There is still more to learn about Mr. Cardona. But at first glance, the contrast between him and his predecessor is striking. Ms. DeVos had almost no experience in public education and was clearly disinterested in the department’s mission. Mr. Cardona worked his way up from teacher to principal to education commissioner of Connecticut. Moreover, he seems to understand that a big part of his job involves using the bully pulpit to advance policies that benefit all schoolchildren and protect the most vulnerable.
Mr. Cardona would need to pay close attention to how districts plan to deal with learning loss that many children will suffer while the schools are closed. Fall testing data analyzed by the nonprofit research organization NWEA suggests that setbacks have been less severe than were feared, with students showing continued academic progress in reading and only modest setbacks in math.
However, given a shortage of testing data for Black, Hispanic and poor children, it could well be that these groups have fared worse in the pandemic than their white or more affluent peers. The country needs specific information on how these subgroups are doing so that it can allocate educational resources strategically.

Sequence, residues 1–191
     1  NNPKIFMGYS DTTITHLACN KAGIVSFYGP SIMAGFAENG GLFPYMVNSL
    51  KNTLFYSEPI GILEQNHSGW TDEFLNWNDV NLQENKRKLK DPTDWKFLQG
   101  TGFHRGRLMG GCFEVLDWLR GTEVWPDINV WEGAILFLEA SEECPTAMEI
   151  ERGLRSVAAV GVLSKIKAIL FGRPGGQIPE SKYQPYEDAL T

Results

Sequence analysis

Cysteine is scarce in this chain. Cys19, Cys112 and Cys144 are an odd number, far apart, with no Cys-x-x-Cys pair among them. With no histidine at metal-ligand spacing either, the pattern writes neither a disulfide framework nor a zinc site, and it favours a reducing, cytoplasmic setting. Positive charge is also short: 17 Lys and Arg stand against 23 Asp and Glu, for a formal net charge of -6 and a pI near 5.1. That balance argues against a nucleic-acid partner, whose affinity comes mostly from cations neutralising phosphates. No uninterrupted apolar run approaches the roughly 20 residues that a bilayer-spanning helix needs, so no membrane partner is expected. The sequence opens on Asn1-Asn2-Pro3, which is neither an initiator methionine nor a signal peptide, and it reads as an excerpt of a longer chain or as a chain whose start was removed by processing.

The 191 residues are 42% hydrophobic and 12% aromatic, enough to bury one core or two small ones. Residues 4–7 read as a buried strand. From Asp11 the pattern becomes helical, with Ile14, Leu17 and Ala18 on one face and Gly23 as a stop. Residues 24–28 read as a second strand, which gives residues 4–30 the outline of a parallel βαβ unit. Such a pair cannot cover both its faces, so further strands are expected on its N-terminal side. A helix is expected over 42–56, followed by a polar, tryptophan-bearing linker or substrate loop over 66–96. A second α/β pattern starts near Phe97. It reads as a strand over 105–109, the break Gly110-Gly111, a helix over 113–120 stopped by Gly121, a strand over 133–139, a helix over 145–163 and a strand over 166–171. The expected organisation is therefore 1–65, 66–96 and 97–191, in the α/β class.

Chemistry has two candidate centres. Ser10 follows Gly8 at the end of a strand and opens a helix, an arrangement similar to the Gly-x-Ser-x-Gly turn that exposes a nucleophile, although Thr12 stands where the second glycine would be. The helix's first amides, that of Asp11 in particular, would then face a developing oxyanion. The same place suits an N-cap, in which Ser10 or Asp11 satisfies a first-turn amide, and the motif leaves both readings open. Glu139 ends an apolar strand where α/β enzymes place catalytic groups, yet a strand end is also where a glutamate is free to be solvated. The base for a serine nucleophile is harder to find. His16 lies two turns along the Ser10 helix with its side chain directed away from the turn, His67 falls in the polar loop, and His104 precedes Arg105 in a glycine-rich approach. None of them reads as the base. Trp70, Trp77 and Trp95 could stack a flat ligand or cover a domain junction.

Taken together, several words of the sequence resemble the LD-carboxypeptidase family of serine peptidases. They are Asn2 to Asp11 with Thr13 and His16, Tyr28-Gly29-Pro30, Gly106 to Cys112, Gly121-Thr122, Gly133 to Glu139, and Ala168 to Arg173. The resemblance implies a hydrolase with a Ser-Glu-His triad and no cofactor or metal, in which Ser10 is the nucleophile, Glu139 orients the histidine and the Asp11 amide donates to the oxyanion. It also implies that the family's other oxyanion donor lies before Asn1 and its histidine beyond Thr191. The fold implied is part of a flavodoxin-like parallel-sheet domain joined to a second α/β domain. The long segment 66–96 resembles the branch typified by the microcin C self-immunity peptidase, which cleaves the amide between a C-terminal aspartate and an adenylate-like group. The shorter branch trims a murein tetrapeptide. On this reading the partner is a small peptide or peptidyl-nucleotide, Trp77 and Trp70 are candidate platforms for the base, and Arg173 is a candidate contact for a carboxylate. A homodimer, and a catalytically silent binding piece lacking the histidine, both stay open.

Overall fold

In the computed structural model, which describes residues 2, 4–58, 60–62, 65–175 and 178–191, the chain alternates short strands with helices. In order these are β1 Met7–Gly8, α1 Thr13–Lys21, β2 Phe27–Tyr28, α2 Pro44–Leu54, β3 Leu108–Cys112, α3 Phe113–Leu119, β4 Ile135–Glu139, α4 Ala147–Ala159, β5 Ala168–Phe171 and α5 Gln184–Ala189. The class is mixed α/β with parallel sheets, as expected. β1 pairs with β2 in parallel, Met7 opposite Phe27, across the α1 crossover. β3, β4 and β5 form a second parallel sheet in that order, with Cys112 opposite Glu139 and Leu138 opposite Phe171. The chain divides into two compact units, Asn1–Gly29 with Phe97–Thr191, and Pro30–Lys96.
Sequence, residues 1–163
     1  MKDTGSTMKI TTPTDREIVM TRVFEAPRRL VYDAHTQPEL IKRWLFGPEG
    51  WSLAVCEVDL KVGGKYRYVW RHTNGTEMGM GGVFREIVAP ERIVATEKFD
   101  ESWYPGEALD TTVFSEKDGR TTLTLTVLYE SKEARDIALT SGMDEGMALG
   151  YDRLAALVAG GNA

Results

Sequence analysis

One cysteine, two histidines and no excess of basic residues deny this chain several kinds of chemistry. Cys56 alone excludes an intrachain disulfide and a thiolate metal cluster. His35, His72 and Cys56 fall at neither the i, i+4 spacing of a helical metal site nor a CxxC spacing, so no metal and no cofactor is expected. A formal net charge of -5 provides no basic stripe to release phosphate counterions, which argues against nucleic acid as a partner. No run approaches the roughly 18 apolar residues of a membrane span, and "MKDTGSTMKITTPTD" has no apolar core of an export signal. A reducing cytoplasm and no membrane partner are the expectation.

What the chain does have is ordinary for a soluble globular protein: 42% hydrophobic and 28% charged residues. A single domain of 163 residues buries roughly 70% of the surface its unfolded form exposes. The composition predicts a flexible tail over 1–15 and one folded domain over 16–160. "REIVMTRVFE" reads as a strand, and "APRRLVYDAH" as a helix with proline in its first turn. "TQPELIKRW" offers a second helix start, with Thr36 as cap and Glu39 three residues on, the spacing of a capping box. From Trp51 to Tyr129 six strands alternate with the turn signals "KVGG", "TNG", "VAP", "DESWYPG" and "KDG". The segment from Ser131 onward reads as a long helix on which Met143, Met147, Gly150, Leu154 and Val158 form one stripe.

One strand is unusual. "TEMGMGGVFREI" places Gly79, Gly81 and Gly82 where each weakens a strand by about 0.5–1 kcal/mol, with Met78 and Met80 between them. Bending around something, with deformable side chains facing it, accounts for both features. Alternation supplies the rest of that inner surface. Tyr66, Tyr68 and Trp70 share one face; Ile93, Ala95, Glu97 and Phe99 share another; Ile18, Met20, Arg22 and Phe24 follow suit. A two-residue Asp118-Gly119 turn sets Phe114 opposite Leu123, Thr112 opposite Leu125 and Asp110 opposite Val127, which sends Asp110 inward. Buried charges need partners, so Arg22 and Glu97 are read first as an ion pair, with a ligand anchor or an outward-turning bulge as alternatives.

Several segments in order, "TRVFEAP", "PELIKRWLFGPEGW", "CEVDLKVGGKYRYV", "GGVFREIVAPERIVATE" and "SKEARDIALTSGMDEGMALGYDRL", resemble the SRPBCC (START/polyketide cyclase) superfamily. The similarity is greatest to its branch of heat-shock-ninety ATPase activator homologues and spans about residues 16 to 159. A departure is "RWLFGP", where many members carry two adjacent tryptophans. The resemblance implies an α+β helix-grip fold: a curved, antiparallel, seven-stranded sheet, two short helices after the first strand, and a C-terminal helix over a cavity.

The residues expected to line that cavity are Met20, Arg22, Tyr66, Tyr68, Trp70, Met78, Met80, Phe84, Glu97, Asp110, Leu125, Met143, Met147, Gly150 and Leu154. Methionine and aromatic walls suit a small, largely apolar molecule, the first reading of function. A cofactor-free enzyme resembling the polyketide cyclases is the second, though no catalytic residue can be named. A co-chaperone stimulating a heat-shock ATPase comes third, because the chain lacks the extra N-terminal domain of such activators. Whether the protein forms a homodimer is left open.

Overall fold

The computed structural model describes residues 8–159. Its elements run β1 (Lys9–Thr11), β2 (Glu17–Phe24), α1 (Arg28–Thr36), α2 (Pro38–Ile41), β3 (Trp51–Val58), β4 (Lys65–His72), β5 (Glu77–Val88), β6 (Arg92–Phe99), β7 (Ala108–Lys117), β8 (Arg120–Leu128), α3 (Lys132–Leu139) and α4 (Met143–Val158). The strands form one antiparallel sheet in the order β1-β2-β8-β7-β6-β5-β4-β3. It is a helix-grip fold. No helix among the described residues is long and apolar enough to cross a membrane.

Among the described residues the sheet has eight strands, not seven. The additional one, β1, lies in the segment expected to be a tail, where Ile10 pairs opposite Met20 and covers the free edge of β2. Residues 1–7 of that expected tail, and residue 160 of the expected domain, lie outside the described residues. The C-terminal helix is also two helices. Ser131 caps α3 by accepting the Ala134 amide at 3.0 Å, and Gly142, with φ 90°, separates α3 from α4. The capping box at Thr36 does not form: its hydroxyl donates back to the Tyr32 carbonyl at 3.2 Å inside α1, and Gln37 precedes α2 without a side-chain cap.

Coronavirus Schools Briefing: It’s back to school — or is it?
Beyond that, parents need to know where their children stand after such a sustained period without much face-to-face instruction. Given these realities, the new education secretary — whoever he or she turns out to be — should resist calls to put off annual student testing.
Research has long since shown that a summer vacation can wipe out a month or two of student learning. Making up for an even more serious learning shortfall will require planning that should begin now. An obvious first step would be to use the summer of 2021 for summer school or catch-up tutoring. If the Biden Education Department decides on this approach, it will need to petition Congress to fund the project. The states are too cash poor at the moment and could not undertake such a venture on their own.
The Education Department should also recognize that this pandemic will not be the last one. That means developing a list of best practices and strategic schools plans that can be swiftly rolled out when another medical crisis occurs with a different infectious agent.
In addition to addressing worrisome matters like these, the new education commissioner needs to revoke a series of department communiqués that had the effect of letting school districts off the hook for discriminatory disciplinary practices and other potential violations of civil rights law. The Department of Education’s Office for Civil Rights exposed the depth of this problem during the Obama years, when it released data showing that excessively punitive policies were being used at every level of the public school system — and that even minority 4-year-olds were being disproportionately suspended and expelled.